Sunday, February 1, 2009

Chinch Bugs In Lawns

Chinch Bugs In Lawns

Yellow or brown areas of damage on your lawn?
Hidden cause? Could be chinch bugs. Find out what they are and what to do about them.
What is it?

Blissus species insects which feed on lawn grasses, with St. Augustine being a favorite. Adults and nymphs are both problematic.

What does it look like?
Areas of damage turn yellow brown and die in sunny areas like along sidewalks and driveways. Cinch bugs are 1/8 to 1/4 inch long, black to brown with white wings with nymphs being pink to brick red with a white stripe around the body. To check if your damage is caused by them, cut the ends off a tin can and push one end 2 to 3 inches into the soil. Keep it steadily filled with water for about 10 minutes, and if you have chinch bugs they will float to the surface.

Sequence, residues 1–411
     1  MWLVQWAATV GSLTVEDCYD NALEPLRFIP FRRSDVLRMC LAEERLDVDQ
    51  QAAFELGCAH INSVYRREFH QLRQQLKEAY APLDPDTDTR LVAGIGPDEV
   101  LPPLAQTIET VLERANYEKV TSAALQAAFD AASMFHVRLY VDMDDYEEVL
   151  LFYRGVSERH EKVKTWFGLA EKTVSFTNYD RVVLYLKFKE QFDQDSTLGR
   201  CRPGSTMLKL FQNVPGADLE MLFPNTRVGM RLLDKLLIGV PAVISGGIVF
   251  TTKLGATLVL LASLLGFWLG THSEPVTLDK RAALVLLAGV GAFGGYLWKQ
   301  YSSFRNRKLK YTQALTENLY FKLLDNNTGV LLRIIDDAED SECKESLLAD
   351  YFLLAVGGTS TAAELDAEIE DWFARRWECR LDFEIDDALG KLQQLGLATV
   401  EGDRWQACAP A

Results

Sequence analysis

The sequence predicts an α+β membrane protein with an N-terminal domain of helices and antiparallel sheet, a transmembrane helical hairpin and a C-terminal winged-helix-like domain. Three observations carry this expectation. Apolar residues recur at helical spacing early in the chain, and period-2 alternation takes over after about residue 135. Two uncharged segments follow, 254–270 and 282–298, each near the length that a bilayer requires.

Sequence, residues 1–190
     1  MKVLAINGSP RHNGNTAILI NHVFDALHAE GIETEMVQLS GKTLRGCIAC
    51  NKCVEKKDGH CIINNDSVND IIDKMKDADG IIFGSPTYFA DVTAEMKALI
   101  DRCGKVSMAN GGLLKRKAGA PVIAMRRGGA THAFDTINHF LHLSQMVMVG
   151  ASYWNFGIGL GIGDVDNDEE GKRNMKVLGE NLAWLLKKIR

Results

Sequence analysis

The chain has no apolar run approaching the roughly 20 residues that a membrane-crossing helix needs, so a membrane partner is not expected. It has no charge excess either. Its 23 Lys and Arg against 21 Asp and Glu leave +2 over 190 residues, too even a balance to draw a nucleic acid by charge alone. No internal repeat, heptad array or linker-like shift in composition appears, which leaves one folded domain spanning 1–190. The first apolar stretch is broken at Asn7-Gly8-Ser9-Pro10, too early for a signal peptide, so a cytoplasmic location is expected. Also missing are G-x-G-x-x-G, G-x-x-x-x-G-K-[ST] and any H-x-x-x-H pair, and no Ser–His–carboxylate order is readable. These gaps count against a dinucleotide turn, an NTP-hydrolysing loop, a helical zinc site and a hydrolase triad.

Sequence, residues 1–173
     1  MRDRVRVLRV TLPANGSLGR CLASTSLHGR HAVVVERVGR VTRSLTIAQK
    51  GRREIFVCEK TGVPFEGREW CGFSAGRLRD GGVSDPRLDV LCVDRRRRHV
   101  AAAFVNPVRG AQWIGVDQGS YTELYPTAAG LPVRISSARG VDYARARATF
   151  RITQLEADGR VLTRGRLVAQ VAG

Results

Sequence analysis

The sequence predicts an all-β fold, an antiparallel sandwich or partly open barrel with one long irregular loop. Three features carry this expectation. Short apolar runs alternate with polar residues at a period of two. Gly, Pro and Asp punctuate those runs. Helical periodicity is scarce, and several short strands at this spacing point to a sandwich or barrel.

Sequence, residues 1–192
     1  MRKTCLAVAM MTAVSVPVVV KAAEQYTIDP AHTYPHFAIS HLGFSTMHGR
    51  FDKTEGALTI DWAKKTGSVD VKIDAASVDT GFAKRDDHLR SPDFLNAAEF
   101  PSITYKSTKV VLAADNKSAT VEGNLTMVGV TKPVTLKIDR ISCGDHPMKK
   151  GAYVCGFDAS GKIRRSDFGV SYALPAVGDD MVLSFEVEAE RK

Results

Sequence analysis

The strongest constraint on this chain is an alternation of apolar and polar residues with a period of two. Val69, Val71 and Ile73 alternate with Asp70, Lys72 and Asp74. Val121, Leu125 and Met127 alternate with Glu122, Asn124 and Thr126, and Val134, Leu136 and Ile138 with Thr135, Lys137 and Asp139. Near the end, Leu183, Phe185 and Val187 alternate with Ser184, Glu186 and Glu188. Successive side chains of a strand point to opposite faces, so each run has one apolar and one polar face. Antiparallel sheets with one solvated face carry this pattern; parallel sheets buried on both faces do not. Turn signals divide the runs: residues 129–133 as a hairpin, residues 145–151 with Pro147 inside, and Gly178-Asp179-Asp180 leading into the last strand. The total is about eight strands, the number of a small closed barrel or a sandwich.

How does it manifest?
Adults and nymphs suck the juices out of grass blades, and in turn inject a poison back into the blades which causes them to discolor and die. Heavy infestations can kill an entire lawn in as few as four days. Chinch bugs are sun and heat loving, and will rarely attack a shady lawn.

What can you do about it?

At the first sign of infestation, water the lawn with up to an inch of water to bring insects to the surface. Once you've done this, apply insecticide containing isofenphos, daizinon or chlorpyrifos. To prevent recurrent damage from newly hatched eggs, treat the lawn again every two months until frost.

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